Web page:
An Analysis of Dylan Thomas' Do Not Go Gentle Into That Good Night
In Thomas' "Do Not Go Gentle into That Good Night," he depicts the inevitability of death through repetition and diction. Furthermore, he portrays the stages of man's life in his comparison to "good men, "wild men," and grave men." Finally, Thomas' medium of poetic expression presents itself in the villanelle.
The villanelle's persona speaks in this poem as the son of a
showed first 75 words of 566 total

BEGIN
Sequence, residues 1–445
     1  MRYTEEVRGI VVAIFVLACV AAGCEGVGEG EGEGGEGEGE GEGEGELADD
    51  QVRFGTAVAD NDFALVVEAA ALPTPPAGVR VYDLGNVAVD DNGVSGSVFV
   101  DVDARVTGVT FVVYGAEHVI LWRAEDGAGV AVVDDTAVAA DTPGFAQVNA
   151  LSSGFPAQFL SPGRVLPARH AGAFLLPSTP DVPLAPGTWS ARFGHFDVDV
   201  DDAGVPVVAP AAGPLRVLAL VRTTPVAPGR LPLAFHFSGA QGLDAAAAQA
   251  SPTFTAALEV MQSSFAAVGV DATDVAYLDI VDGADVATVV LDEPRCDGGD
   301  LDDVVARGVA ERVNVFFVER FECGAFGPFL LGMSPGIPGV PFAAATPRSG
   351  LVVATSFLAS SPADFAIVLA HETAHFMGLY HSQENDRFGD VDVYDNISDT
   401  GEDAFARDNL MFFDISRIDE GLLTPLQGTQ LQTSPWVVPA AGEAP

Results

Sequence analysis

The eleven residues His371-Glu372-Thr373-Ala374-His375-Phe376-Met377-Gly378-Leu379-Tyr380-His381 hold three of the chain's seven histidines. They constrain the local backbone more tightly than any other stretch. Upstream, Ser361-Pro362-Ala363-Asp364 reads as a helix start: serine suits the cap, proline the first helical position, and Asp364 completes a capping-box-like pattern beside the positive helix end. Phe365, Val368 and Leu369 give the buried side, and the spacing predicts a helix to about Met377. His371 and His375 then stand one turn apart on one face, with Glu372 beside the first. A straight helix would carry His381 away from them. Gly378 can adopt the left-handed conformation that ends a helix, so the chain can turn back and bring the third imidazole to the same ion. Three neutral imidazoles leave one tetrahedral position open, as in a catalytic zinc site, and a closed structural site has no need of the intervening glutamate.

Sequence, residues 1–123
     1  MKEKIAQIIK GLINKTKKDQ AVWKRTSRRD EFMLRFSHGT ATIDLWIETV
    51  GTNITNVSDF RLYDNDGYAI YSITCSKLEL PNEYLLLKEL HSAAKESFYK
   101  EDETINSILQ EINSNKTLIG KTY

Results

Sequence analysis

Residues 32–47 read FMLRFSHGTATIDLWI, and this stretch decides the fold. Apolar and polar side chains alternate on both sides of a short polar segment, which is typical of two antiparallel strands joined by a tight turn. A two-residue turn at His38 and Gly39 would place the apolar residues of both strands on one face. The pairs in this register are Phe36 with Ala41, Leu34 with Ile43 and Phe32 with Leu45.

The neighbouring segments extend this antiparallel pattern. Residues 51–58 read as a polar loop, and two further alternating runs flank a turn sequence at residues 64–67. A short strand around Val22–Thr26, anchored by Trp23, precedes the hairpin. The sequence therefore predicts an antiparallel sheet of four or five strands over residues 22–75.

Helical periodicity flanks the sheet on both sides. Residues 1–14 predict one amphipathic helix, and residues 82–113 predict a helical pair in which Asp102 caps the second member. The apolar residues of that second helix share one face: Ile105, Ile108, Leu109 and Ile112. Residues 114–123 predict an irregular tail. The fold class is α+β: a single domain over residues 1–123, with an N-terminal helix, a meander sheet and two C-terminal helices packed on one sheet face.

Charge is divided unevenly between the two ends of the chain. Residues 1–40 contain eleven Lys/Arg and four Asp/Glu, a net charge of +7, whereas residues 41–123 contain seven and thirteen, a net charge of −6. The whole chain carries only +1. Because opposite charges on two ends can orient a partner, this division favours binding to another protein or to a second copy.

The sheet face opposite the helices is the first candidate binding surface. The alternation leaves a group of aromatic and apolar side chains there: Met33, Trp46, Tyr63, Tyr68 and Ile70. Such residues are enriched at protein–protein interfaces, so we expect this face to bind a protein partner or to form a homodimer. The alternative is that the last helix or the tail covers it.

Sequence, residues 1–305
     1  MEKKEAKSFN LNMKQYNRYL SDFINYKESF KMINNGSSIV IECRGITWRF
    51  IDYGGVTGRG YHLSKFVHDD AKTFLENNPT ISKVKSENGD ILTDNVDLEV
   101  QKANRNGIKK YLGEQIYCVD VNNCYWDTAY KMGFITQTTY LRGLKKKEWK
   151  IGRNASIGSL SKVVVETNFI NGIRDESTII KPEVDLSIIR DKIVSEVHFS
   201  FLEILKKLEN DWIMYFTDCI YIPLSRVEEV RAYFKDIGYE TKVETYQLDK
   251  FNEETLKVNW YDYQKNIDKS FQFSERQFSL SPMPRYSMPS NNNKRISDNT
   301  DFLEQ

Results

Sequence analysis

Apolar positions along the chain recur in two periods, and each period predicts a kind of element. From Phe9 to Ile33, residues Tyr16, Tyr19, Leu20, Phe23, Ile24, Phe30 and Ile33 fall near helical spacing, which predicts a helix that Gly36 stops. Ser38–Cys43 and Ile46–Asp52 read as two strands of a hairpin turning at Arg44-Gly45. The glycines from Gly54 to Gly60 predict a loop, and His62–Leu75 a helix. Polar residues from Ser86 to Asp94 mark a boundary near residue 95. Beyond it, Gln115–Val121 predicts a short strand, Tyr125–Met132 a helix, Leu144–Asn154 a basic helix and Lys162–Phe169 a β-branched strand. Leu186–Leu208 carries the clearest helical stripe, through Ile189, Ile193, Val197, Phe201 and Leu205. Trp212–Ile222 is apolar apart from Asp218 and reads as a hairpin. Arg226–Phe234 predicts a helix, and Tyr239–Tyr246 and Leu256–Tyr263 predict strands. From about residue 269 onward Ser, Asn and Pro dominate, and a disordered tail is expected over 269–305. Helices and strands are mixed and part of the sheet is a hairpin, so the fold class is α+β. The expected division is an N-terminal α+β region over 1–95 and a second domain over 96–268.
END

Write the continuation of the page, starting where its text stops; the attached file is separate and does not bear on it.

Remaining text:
showed last 75 words of 566 total
has ceased to exist.
This poem, in villanelle form, artfully implies the universal theme of death's inevitability. The son's pleads to his father and the father's pleads with death show conflicts that may arise in one at his deathbed. This man, the grave man, finishes the remainder of his life. From the stages of his life, hefinally reaches this one. The poem ends ambiguously hinting the acceptance of death by the father and the son.